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With a fleet of station wagons and three powerboats, the National Audubon Society is operating five different tours which probe the flatlands, the marshlands and the waterways of south Florida in search of many of the birds shown in David Goodnow's striking photographs on the previous pages. Most Audubon tours cost $25 for two-day trips, just over half that for one-day trips. Meals and lodging are extra.
One may, for example, in the term of one long day, depart Miami by Audubon station wagon, a uniformed guide at the wheel, and drive south to Everglades National Park. About eight miles from Homestead, along Route 27, the naturalists have built a boardwalk, known as Anhinga Trail, which stretches over a slough—a marshland of water, lily pads and birds. Purple gallinules, American egrets and snowy egrets, Louisiana herons and great blue herons stalk the slough, and the snakelike heads of the anhingas ripple the water there. Alligators lie in the solarium of the shore, disturbing their siesta only to make lunch of a garfish which is sometimes uncautious enough to leap with foolhardy exhilaration through the sunlit Florida air.
In the afternoon the station wagon rolls south to Tavernier below Key Largo, where the society's 30-foot cruiser is based. With Audubon Guide Ed Rowell at the helm and Bill Jerr on the glasses, the other day, we skimmed out into Florida Bay, a great sun washed catch basin of islands, sand bars and birds pinched between the southern tip of Florida and the string of keys. Bill Jerr was on the glasses when a lady watcher said to him, "What's that, Bill?"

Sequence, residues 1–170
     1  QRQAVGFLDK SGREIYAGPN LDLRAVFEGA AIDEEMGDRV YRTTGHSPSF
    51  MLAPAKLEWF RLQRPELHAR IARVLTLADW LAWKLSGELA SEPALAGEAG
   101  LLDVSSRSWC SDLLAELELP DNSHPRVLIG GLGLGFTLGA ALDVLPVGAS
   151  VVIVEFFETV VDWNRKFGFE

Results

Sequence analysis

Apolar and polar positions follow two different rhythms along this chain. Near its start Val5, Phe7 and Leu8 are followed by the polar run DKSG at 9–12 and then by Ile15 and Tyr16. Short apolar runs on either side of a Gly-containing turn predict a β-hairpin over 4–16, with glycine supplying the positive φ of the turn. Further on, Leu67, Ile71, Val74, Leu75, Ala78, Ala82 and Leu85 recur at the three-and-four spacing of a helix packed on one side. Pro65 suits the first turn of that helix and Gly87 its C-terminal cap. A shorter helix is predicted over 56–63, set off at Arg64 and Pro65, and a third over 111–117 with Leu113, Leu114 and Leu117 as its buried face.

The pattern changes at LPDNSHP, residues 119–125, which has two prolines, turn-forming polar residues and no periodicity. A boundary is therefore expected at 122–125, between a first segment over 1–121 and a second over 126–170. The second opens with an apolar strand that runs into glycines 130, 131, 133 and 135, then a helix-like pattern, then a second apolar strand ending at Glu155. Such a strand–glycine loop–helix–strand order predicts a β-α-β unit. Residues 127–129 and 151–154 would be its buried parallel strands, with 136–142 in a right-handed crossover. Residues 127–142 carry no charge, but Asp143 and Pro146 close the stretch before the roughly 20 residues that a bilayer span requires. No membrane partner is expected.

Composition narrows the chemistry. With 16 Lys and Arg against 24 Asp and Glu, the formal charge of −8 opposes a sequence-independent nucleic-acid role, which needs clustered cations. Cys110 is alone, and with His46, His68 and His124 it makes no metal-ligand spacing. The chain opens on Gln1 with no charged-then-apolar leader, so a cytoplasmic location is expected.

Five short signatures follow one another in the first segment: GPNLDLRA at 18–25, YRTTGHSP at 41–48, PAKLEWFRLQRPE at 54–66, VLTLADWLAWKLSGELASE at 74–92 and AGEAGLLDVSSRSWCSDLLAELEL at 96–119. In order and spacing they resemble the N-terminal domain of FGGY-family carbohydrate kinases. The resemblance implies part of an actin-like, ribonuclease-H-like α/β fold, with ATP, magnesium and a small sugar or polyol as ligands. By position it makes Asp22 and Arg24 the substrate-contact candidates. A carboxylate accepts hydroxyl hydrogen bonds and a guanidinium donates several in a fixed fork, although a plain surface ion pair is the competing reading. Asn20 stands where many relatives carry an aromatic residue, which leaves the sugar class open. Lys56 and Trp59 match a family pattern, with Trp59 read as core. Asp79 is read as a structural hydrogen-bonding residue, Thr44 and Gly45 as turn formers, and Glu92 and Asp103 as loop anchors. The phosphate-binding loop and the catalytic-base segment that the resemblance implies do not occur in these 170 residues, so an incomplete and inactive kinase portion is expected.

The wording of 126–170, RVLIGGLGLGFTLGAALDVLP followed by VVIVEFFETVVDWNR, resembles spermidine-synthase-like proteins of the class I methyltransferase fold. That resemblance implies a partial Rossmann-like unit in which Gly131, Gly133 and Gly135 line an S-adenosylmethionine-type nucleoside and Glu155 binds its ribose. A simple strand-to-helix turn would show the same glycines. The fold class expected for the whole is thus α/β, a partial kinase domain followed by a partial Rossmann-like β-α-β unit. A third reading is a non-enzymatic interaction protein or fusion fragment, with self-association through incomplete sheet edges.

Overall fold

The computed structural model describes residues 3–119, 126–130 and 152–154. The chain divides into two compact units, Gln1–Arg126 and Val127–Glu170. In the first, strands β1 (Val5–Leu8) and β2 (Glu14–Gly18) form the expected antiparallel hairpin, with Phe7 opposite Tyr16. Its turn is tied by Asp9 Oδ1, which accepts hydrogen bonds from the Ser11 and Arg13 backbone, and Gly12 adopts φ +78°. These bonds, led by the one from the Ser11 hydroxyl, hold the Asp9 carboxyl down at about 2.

"That's a box."
"No, I mean in front."
"Oh, wait a minute, wait a minute.... There's a reddish egret for you."
Every glass on the boat was turned on the egret now. He paraded like a guard at Buckingham Palace.
"There's my reddish egret," a lady said, with the satisfaction of a matron whose husband has at last come up with the mink. "I was dying to get a reddish egret."
We crossed a shallow channel, which the Audubon navigators had gouged with their ships last year, and floated into a soft milky green pond ringed by a circle of mangrove keys. Young spoonbills, not yet pink, were white splotches in the green bush. Their bright pink elders were soaring in circles round the key. A snowy egret glided overhead, with a little blue heron as his wingman, and a fat pelican sailed a small lagoon like a sightseeing boat steaming around Manhattan.
A TWO-DAY TOUR